May 14

What is mindful eating?

May 14

What is mindful eating?

What is mindful eating? 

Mindful eating brings mindfulness to food choice and the experience of eating, as defined by The Center for Mindful Eating. Bringing mindfulness into your daily practice is when you are bringing full attention and awareness to your experience, without judgment. This can be applied to food with the principle of mindful eating, where you are taking the time to truly be present with your meals and snacks. 

Increasing awareness 

Mindful eating increases your awareness of why, when, what, how, and how much you eat. When you are able to observe your eating patterns without judgment, you can start to see food in a new light. As you begin to recognize triggers that may lead to emotional eating or “stress eating,” you can gain a better understanding of your relationship with food.

Bring mindfulness into eating 

According to The Center for Mindful Eating, bringing mindfulness into eating can create new experiences, such as: 

  • Allowing yourself to become aware of the positive and nurturing opportunities that are available through food preparation and consumption, by respecting your own inner wisdom
  • Choosing to eat food that is both pleasing to you and nourishing your body, by using all your senses to explore, savor, and taste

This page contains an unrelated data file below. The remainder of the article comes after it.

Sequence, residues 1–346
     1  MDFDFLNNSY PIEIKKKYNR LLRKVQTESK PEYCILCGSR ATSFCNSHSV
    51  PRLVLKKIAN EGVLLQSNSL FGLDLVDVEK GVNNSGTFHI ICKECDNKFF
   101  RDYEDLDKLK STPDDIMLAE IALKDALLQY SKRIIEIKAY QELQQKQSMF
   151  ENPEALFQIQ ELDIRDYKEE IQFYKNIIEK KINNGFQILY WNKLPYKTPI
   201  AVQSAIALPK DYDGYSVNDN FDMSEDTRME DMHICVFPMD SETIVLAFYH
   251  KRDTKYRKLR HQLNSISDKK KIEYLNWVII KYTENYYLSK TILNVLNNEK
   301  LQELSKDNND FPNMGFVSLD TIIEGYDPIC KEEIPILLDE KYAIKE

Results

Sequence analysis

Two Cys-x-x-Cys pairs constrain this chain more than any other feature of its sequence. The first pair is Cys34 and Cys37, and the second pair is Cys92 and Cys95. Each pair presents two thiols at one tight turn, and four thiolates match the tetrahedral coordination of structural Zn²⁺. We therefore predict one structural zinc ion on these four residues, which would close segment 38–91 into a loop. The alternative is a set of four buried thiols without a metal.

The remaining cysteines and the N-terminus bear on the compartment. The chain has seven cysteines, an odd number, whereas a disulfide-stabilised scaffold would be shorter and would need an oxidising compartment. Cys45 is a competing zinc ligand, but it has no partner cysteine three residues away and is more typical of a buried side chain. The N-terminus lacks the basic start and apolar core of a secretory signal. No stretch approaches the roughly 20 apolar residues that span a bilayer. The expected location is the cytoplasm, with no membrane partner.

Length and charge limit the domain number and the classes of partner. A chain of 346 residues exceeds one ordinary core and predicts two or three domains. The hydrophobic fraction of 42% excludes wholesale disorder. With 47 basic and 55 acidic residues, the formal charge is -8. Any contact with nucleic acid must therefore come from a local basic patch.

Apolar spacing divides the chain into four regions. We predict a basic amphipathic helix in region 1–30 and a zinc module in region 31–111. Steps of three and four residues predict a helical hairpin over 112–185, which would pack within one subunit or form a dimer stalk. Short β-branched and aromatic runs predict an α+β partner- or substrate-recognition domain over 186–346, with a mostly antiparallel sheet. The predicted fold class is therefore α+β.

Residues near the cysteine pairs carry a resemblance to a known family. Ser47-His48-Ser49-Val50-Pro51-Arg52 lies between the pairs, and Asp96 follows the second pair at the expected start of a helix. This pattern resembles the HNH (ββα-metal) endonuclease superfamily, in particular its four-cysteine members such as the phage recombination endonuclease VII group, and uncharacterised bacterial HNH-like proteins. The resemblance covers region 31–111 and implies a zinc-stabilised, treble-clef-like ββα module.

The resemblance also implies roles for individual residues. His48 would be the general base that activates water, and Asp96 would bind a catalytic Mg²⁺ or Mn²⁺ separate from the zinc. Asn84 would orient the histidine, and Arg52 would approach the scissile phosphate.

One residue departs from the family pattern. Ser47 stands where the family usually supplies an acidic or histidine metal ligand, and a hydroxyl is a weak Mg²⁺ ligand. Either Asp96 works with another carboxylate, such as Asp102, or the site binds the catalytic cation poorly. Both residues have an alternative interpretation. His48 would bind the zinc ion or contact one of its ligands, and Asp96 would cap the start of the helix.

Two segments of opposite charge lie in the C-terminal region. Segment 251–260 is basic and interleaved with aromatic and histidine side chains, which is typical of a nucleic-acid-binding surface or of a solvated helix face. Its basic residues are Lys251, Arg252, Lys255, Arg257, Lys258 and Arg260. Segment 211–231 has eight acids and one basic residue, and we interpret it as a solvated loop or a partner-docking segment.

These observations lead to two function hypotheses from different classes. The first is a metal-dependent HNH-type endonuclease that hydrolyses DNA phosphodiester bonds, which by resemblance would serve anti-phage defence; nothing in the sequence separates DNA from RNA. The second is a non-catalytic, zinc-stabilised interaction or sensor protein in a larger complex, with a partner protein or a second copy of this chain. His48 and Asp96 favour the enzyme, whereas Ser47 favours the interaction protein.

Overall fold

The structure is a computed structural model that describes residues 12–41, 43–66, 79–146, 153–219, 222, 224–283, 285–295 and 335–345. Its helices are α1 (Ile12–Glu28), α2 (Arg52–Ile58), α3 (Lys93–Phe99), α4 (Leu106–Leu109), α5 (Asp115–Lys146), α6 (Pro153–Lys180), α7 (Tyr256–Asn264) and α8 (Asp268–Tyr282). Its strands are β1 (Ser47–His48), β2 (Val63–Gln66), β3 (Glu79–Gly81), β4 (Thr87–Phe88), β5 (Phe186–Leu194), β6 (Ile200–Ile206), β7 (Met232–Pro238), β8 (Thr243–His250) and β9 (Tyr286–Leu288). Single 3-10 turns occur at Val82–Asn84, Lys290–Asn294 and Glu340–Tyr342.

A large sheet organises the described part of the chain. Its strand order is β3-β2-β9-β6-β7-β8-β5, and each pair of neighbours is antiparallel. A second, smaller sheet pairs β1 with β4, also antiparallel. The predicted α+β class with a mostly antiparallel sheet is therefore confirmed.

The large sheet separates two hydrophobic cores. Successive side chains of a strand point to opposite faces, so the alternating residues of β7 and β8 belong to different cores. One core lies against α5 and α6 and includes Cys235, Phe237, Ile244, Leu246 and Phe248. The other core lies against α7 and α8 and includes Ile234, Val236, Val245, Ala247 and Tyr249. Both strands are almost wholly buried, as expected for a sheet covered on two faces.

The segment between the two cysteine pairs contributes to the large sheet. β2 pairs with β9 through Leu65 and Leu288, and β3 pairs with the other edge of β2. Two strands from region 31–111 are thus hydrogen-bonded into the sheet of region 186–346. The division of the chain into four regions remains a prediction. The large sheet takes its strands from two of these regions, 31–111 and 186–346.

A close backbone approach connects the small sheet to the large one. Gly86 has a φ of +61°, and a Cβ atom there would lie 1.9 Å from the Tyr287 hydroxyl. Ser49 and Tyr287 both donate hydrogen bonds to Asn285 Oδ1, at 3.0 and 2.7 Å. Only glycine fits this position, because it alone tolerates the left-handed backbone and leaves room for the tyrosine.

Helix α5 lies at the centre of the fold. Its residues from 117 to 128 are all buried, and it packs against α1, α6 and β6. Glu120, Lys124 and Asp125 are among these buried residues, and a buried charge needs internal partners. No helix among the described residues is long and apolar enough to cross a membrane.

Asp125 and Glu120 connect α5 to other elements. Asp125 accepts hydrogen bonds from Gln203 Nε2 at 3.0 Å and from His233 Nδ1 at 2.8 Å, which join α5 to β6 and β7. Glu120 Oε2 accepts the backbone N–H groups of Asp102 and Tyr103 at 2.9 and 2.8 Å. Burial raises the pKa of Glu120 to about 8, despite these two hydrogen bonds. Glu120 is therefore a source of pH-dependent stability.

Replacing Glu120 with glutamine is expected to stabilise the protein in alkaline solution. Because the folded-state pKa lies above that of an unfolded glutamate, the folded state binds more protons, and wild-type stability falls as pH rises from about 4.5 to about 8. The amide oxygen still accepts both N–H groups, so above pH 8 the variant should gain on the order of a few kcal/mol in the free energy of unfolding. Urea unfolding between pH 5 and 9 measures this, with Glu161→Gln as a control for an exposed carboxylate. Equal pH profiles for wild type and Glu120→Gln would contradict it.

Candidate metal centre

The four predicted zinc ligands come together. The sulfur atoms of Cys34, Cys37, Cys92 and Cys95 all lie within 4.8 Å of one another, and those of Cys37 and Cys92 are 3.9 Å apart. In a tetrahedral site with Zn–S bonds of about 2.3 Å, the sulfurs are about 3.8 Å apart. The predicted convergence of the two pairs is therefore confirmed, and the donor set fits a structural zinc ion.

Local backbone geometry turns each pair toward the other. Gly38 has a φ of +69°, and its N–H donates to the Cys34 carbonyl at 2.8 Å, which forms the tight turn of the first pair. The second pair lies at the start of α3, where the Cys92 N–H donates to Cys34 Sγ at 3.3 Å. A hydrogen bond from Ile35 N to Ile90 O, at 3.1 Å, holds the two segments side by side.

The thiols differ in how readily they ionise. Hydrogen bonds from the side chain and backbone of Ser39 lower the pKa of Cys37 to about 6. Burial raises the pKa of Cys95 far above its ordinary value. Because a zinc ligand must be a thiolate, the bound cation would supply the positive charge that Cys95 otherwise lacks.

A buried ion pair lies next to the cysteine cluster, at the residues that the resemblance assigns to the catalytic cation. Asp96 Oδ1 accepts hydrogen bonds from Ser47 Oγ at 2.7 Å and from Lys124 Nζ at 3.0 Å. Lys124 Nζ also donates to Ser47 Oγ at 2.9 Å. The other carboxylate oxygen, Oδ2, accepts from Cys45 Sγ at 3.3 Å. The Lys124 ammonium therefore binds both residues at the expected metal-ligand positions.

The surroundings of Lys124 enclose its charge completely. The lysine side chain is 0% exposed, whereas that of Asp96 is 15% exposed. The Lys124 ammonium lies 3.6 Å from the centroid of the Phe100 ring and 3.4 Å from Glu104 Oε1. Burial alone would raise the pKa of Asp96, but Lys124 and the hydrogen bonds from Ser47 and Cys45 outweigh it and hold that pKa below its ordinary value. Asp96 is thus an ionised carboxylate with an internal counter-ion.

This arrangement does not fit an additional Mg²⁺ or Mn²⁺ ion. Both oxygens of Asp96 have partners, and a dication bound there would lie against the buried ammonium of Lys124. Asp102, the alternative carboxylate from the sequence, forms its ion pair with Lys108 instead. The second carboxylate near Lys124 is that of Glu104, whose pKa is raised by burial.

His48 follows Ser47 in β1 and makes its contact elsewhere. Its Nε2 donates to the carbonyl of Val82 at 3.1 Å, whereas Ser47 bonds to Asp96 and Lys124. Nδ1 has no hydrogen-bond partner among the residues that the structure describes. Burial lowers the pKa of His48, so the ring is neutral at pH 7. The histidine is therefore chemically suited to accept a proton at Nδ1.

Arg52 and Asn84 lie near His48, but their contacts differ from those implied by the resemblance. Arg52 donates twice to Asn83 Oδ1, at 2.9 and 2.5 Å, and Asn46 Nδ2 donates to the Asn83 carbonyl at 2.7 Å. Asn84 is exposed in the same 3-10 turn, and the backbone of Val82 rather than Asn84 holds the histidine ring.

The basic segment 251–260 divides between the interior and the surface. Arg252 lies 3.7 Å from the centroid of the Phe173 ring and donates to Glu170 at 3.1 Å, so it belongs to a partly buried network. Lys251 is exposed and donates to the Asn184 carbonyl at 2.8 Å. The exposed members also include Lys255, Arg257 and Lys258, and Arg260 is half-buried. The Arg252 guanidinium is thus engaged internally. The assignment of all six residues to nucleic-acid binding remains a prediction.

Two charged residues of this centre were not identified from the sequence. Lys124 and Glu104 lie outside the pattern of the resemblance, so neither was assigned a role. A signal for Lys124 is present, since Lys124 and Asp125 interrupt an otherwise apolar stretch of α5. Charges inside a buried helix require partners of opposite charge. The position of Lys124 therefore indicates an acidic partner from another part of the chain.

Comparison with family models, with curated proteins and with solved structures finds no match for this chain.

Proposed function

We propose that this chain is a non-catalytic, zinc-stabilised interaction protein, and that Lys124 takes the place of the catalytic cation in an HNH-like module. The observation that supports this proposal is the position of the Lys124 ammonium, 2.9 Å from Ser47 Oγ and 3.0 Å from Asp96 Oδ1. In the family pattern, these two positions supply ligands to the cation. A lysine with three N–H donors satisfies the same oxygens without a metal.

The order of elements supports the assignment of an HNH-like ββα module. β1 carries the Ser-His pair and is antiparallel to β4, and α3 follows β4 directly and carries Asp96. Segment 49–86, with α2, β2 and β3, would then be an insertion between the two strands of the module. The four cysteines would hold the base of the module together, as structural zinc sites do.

• Acknowledging responses to food (likes, neutral, and dislikes), without judgment
  • Learning to be aware of physical hunger and satiety cues to guide your decision to begin eating and to stop eating

How can I utilize mindfulness in my day to day? 

Here are some helpful strategies from one of Ciba Health’s Registered Dietitians, Leah Tsui, to bring more mindfulness into your eating: 

  • Consider your hunger and fullness when approaching a meal’s beginning and end. Where do you land on the Hunger-Fullness scale
  • Consider how your food tastes: what does it smell like? Are the textures pleasing to you? What about the taste do you like or dislike? Are you enjoying your food? Whatever you observe, try to do it without judgment.
  • When making food choices, are you choosing the food because you like it? Are you choosing the food for health reasons? Are you choosing the food because you’ve been told to eat this way? Bringing some consideration to your food choices can help bring more mindfulness to how you’re making decisions with your groceries or meals out.
  • Strive to eat your meals and snacks away from your desk and phone—when you are not subject to distractions from emails and ongoing notifications, you tend to notice your food more. 
  • Set a timer for 15 minutes. Did you use the whole 15 minutes to eat? Or did you quickly eat everything because of a time crunch? Practice the art of slowing down to further support digestion in your “rest & digest” phase. 
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